- The Dow rallied on Friday, ashopes of a trade war breakthrough sent core stocks soaring.
- Economic sentiment data added to the positive mood, helping negate a significant blow to Brexit progress in Europe.
- The federal budget deficit continues to skyrocket,rising 26% to $ (billion in) ******************************************************************. *******
Trade war negotiations are apparently proceeding well, and theDow Jones Industrial Averagereveled in the good news,outpacing both the Nasdaq and S&P 500 for most of the day.
Shortly before the closing bell, the Dow had Gained 157. 29 points. The 0. 59% rally lifted the index to 26, 962. 82.
Talks between the US and China trump Brexit for Wall Street. Consequently, markets shrugged off the story thatFrance’s Emmanuel Macron denied the UK a three-month extension, leaving the outlook for Brexit completely unclear.
Wall Street also ignored the latest evidence that the“Trump tax cuts ”continue to blow a massive hole in the federal government budget. According to the US Treasury, the federal government had a $ 984 billion budget deficit for fiscal year 2019. Commenting on the release, Treasury Secretary Steven Mnuchin warned thatspending needs to be curtailed to avoid the psychologically alarming $ 1 trillion level.
Positive economic data created a boost for the Dow, as Germany posteda better-than-expected IFO Business Climate Index reading. In the US,Michigan consumer sentiment rose in October, although it did fall short of expectations.
Traders continue to look ahead to theFederal Reserve’s interest rate decision next week, where a rate cut is anticipated. US GDP figures will be released on Wednesday, and theUS jobs report is on tap at the end of the week, withnon-farm payrolls and ISM manufacturing constituting important risk events for the Dow.
Chief Economist: Stock Market Optimistic Amid Trump Impeachment Process
As the political theatrics in Washington escalate,Donald Trump’s impeachment odds have been on the rise. Former national security advisor and longtime Trump ally, John Bolton, is viewed as a potential smoking gun, having reportedlyreferred to the infamous Ukraine phone call as a “drug deal.”
Maintaining his long-held view about impeachment proceedings on Capitol Hill, Chief Economist Han de Jong from ABN AMRO says he isskeptical that anything particularly meaningful for the stock market will emerge. Instead, he believes this is far more about Democrats creating as much negative press for Trump as possible ahead of the 2020 elections.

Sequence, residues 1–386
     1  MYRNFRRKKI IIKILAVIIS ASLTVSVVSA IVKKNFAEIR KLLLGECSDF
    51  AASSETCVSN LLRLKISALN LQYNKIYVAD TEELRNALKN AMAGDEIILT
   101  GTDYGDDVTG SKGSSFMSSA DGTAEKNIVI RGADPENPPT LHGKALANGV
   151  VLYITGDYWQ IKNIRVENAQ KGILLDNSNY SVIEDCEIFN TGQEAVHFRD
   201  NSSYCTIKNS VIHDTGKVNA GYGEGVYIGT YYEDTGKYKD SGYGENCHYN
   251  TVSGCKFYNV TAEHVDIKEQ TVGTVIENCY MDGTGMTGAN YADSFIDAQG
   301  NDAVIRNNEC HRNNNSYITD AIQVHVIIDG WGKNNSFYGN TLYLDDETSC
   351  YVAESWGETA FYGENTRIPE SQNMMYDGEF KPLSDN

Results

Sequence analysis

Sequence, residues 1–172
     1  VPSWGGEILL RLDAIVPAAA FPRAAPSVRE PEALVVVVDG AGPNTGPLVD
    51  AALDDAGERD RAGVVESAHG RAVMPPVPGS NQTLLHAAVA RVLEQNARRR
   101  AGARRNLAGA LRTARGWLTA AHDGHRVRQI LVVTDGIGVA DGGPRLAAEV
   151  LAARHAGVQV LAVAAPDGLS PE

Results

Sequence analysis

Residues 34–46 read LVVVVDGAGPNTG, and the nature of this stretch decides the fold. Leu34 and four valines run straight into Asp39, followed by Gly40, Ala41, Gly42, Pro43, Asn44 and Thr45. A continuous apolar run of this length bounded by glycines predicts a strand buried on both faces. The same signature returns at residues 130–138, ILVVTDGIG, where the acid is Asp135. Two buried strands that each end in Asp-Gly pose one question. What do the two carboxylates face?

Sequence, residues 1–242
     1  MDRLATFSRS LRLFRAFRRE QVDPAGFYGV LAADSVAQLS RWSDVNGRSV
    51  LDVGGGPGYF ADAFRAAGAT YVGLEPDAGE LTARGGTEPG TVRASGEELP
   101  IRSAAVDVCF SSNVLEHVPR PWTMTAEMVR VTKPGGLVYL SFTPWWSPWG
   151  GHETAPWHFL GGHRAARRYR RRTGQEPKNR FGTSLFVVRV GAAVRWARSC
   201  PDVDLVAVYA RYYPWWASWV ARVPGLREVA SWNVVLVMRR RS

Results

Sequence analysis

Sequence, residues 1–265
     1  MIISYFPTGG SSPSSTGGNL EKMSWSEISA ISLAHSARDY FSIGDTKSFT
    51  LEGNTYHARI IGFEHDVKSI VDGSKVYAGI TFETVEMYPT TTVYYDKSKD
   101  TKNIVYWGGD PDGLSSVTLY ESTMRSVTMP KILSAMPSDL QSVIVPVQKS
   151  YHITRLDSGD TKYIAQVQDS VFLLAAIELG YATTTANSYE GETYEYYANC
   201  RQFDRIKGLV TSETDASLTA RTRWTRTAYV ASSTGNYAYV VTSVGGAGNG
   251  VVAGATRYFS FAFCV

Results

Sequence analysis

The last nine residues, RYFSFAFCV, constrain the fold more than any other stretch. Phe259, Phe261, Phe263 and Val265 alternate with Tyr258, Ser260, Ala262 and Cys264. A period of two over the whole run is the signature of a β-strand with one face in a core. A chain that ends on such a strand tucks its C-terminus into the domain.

“I still think it is unlikely that Trump will be removed from office as this would require a two-thirds majority in the Senate, where the Republicans hold a majority (53 out of 100). Having said that, it is very conceivable that the House impeaches the president… But this whole process is more about doing as much as possible damage to Trump in order to prevent the president from serving a second term. This will therefore be a drawn-out process with the Democrats creating as much drama as they can. ”
Dow Stocks: Intel and Caterpillar Blast Higher
Dow 30 investors appear optimisticthat the worst may be over in the trade war, with Caterpillar’s 4. 41% rally a symbol of this belief. As a bellwether for global growth,CAT stock is a barometer for how Trump’s trade war is affecting the global economy.
However, as the (S&P) nears record highs, there is still ample indecision on Wall Street, and you don’t need to look far to find contradictory takes on the outlook for the stock market.
The top-performing stock in the Dow Jones was Intel, whose mammoth 7.9% rally came on the back ofan optimistic earnings release for the stock, which had previously been lagging the index.
Apple ( 0. 83%) and Microsoft ( 0. 35% (both climbed higher, as) the world’s two most valuable companiescontinued to drive the US stock market.
It could have been a truly exceptional day for the Dow, were it not for Boeing’s 1. 51% dip. The most heavily weighted stock in the index suffered from a final report on the 737 Max crash in Indonesia, whichapportioned a vast amount of blame on the company
This article was edited by Josiah Wilmoth.